Kinchega Woolshed facts for kids
Quick facts for kidsKinchega Woolshed
|Location||15km south-west of, Menindee, Central Darling Shire, New South Wales, Australia|
|Owner||Office of Environment and Heritage|
|Official name: Kinchega Woolshed|
|Type||state heritage (built)|
|Designated||2 April 1999|
|Category||Farming and Grazing|
Kinchega Woolshed is a heritage-listed former shearing shed located 15km south-west of Menindee township, Central Darling Shire, New South Wales, Australia. It was built from in 1875. The property is owned by the New South Wales Office of Environment and Heritage. It was added to the New South Wales State Heritage Register on 2 April 1999.
Originally an early West Darling property named "Menindel", it was first held by the explorer John McKinlay in the 1850s. By 1860 it was taken up by Peter McGregor and it had become known as "Kinchega". Burke and Wills visited it in 1860 and Kinchega's manager, William Wright, accompanied them as third in command and was blamed almost entirely for the tragedy that befell the expedition after he failed to meet the party on its return to Cooper's Creek.
In 1870 the station was sold by George Urquhart to Herbert Bristow Hughes. Hughes had two river steamers built in England to service the station named the "Jandra" and the "Nile". Steam engines were installed in 1875, by which year "Kinchega" was running 75,000 sheep and its boundary extended beyond the southern end of the Barrier Ranges. It is during this period that the present shed came into being. Kinchega Station remained in the Hughes family for almost a century. In 1883 when Kinchega was at its peak the property was running 160,000 sheep and employed 73 men.
In 1967 Kinchega Woolshed became part of Kinchega National Park, by that time it is estimated that six million sheep had passed through the shed.
The woolshed was restored in 1993.
Kinchega Woolshed is a very large linear building constructed of timber frame with corrugated iron cladding. It consists of 26 stands and is built upon a low sandy hill close to the Darling River. The main structure is constructed of trimmed river gum trunks, sawn roof frames and flooring raised well clear of the ground and a wide pitched roof, skillions and walls sheeted with corrugated iron. A notable feature of the building is the pavilion of sweating pens at the southern end; its light stud-frame construction contrasts with the heavier timber of the original section of the shed.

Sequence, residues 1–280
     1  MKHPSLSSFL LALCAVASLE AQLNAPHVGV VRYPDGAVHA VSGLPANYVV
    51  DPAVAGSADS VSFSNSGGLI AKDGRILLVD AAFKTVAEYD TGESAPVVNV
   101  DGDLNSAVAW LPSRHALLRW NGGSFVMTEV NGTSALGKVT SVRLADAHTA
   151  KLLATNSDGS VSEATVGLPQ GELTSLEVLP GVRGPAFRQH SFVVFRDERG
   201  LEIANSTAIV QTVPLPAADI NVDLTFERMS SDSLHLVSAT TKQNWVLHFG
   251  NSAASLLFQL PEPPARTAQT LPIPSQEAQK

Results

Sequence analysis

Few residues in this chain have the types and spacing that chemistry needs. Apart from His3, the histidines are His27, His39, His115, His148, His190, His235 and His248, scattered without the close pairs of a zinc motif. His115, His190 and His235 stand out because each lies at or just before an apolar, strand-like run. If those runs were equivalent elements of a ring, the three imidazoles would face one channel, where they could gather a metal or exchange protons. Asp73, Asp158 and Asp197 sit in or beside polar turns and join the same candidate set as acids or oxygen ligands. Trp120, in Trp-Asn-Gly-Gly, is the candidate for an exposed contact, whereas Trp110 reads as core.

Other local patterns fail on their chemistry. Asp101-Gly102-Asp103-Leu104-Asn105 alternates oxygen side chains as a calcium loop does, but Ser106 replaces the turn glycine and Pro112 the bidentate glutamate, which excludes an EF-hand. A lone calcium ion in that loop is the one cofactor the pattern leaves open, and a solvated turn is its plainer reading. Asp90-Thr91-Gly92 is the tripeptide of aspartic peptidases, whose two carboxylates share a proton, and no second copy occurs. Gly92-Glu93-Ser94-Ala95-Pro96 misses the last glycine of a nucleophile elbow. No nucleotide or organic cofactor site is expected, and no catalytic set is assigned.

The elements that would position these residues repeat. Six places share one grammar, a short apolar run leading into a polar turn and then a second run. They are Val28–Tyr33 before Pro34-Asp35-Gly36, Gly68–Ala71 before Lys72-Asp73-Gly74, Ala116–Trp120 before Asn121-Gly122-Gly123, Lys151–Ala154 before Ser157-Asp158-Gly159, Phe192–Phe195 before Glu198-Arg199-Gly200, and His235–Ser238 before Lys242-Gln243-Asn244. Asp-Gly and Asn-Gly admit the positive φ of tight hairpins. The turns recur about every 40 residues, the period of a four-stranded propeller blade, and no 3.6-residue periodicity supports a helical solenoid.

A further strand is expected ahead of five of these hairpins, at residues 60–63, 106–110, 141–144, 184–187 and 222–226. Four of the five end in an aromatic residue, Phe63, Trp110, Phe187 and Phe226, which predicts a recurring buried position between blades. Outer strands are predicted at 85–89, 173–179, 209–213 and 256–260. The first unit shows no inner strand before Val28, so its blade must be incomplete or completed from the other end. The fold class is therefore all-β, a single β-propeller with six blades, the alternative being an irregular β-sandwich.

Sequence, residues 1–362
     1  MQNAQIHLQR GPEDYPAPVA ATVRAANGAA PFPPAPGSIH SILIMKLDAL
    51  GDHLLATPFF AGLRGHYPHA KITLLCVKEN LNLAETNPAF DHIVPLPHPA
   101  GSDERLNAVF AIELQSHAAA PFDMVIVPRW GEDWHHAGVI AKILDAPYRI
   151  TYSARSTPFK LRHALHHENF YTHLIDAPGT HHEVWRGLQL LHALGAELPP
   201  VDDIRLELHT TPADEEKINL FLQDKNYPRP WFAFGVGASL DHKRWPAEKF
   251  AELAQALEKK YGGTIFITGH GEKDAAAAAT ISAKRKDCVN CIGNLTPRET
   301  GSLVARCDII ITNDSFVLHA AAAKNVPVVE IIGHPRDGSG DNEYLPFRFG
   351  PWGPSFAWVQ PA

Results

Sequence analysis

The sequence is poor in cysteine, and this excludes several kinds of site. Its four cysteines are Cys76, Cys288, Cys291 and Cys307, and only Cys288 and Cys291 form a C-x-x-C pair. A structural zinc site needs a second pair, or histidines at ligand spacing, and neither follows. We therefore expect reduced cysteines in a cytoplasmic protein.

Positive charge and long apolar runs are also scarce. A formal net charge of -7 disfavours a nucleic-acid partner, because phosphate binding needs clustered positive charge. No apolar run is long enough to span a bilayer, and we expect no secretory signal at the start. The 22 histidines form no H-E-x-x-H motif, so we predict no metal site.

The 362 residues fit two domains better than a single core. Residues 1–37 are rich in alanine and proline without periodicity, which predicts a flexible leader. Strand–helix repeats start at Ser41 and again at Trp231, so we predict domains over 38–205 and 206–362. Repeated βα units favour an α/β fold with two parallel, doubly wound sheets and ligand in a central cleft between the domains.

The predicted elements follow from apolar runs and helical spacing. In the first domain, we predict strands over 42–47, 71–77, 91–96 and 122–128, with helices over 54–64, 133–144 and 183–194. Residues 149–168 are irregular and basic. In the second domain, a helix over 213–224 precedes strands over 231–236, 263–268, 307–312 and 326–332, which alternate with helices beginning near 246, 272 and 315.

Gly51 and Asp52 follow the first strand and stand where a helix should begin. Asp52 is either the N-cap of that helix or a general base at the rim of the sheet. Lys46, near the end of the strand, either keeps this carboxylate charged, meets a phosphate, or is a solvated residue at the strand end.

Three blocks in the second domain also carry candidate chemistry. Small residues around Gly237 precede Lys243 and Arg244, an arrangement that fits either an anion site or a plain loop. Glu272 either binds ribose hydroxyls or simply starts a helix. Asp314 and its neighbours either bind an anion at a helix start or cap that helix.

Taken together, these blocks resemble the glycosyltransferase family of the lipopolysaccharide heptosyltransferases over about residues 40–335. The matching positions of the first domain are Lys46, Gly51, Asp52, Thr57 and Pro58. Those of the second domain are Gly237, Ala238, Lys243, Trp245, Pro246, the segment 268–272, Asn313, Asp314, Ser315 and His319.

Nearby are a cluster of small corrugated iron clad buildings containing the shearer's quarters, cookhouse and stores buildings.
Kinchega Woolshed witnessed the evolution in shearing technology that was seen throughout the wool industry during the nineteenth-twentieth centuries. Blades were replaced by mechanical handpieces and the steam traction engine that first powered the machinery stands outside the building. A boiler also is located here. Team was in turn replaced by kerosene and then diesel powered shearing gear. Finally the handpieces were powered by electrical equipment. In addition to the traction engine, the shearing machinery is also present, as is the wool press, wool cranes, a cart and buggy and other equipment.
It was reported to be in good physical condition with medium archaeological potential as at 17 September 1997.
Dating from 1875, Kinchega Woolshed is associated with the early pastoral history of the far west of New South Wales. The building illustrates the huge size of pastoral holdings in the arid areas of Australia and is a good example of a large scale shearing shed. The shed is of notable design, the sweating pens being an important feature of the building. Owing to its site and large dimensions, it is a prominent feature in the arid surrounding landscape and is a visual symbol of the grazing history of the outback. It helps to show the major developments in shearing technology during the century since its construction.
Kinchega Woolshed was listed on the New South Wales State Heritage Register on 2 April 1999 having satisfied the following criteria.
The place is important in demonstrating the course, or pattern, of cultural or natural history in New South Wales.
Dating from 1875, Kinchega Woolshed is associated with the early pastoral history of the far west of New South Wales. The building illustrates the huge size of pastoral holdings in the arid areas of Australia and is a good example of a large scale shearing shed of traditional timber construction.
The place is important in demonstrating aesthetic characteristics and/or a high degree of creative or technical achievement in New South Wales.
The shed is of notable design, the sweating pens being an important feature of the building. Owing to its site and large dimensions, it is a prominent feature in the arid surrounding landscape and is a visual symbol of the grazing history of the outback.
The place has potential to yield information that will contribute to an understanding of the cultural or natural history of New South Wales.
It helps to show the major developments in shearing technology during the century since its construction.
The place is important in demonstrating the principal characteristics of a class of cultural or natural places/environments in New South Wales.
It is perhaps the largest woolshed of its type remaining in the Western District and also one of the better examples.
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